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Data from the magnetometers track the passage of Cluster's four spacecraft through the plasma sheet

Data from the magnetometers track the passage of Cluster's four spacecraft through the plasma sheet


Copyright: ESA 2001 (Data courtesy of Professor Andri Balogh, Imperial College London)

These plots show data obtained from the FGM (magnetometer) instruments as the four Cluster spacecraft passed through the plasma sheet the central region of the Earths magnetic tail on 5 September 2001.

The top graph is an overview, showing fluctuations in the magnetic field between 06:00 UT (07:00 CET) and 16:30 UT (17:30 CET). Note the sudden drop in solar energy (blue line) between 13:30 UT and 15:15 UT, when spacecraft 2 (Salsa) entered the Earths shadow and went into eclipse.

The lower graph zooms in on the time period 09:30 UT (10:30 CET) to 12:30 UT (13:30 CET), before the spacecraft entered the Earths shadow.

On this occasion, the Cluster quartet crossed the plasma sheet before entering the eclipse. Data from all four spacecraft (available to 12:00 UT about 3.5 hours before the eclipse started) show the dropouts in the magnetic field characteristic of the complex structure of the plasma sheet and the strong electrical currents that flow in it.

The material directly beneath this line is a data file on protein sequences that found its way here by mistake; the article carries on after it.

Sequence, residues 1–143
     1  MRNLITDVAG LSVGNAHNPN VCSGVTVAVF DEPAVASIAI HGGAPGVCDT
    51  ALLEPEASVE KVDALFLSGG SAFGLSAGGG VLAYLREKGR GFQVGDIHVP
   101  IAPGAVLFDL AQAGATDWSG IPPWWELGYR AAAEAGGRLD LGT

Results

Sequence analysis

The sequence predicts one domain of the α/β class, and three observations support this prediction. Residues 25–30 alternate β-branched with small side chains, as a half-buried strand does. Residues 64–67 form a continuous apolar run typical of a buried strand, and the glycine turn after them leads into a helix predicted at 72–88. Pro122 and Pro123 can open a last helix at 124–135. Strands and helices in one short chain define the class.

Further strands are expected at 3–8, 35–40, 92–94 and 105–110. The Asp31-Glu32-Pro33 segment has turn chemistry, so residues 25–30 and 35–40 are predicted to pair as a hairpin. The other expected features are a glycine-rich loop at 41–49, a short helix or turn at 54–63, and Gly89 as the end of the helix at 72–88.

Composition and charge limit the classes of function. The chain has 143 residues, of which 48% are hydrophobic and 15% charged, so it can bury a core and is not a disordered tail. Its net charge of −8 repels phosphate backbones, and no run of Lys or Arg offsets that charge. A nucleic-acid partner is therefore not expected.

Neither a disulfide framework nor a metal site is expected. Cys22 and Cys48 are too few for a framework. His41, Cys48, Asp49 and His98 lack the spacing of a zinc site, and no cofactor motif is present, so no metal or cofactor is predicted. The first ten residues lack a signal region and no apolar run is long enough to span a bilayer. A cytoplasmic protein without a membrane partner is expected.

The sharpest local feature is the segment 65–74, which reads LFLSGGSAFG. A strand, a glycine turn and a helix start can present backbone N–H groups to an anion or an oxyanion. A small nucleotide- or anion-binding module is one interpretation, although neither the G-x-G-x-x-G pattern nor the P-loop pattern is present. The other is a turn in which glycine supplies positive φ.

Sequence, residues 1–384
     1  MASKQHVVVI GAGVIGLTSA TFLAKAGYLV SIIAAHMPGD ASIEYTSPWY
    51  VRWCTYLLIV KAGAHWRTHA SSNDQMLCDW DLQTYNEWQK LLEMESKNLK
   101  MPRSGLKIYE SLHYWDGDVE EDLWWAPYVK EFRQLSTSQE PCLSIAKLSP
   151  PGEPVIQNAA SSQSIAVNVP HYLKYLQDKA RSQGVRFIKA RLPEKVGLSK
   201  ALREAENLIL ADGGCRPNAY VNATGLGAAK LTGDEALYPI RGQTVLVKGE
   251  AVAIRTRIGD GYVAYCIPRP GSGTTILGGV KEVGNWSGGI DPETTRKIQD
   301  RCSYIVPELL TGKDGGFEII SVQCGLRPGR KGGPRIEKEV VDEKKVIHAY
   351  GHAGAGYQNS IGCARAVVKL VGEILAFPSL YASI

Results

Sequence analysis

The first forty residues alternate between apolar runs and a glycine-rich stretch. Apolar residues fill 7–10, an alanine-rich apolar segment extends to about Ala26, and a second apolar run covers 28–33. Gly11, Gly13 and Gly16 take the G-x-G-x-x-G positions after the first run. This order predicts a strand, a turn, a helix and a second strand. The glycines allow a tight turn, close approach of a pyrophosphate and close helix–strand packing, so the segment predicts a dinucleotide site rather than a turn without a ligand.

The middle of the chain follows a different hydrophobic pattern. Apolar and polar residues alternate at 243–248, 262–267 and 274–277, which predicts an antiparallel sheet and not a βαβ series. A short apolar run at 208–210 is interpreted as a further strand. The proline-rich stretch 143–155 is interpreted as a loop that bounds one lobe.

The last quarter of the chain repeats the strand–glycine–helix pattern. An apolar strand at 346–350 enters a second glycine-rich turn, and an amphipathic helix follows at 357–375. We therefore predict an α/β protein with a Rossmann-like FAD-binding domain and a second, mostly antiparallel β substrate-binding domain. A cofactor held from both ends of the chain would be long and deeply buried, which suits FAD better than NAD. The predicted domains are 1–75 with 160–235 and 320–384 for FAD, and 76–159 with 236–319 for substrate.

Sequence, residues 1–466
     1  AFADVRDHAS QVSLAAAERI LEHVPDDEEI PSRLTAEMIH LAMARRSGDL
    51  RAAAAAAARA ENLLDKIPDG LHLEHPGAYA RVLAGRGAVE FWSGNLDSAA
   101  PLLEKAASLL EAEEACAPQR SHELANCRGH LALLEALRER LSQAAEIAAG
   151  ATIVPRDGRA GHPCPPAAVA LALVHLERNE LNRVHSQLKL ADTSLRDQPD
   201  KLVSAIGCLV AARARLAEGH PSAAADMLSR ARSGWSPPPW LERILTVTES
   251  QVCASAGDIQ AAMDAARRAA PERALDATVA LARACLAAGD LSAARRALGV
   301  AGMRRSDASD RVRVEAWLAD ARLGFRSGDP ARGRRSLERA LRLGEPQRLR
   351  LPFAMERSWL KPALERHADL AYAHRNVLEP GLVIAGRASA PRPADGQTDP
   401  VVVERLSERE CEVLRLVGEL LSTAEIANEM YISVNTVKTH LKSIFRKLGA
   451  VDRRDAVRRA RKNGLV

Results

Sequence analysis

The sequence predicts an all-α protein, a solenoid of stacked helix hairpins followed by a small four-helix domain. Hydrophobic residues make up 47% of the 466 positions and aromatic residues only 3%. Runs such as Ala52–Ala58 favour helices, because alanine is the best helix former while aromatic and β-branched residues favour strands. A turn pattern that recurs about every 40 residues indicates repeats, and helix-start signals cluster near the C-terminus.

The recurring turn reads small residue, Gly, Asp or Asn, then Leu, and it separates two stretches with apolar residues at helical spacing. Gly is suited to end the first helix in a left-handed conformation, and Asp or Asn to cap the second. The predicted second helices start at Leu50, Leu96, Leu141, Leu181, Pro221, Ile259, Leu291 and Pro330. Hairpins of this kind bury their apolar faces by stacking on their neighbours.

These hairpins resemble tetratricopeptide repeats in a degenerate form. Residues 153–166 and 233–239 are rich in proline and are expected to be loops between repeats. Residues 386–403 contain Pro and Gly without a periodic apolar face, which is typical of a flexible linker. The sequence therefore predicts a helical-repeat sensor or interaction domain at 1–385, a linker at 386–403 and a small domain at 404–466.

It can be clearly seen that Cluster crossed these structures from the way the magnetic field data from the four instruments track each other, except for some significant differences with spacecraft 3 (Samba), which was flying a little south of the other three at the time.

When the eclipse came, Cluster was already in the southern 'suburbs' of the central plasma sheet, as can be seen from the strength of the magnetic field from spacecraft 2, the only spacecraft which was scheduled to return magnetic field data at that time. The smaller disturbances at the time of the eclipse are almost certainly parts of the tail plasma sheet and not due to lack of sunlight at the time.

(Data courtesy of Professor Andri Balogh, Imperial College London)

Last Update: 1 September 2019
5-Oct-2022 04:40 UT

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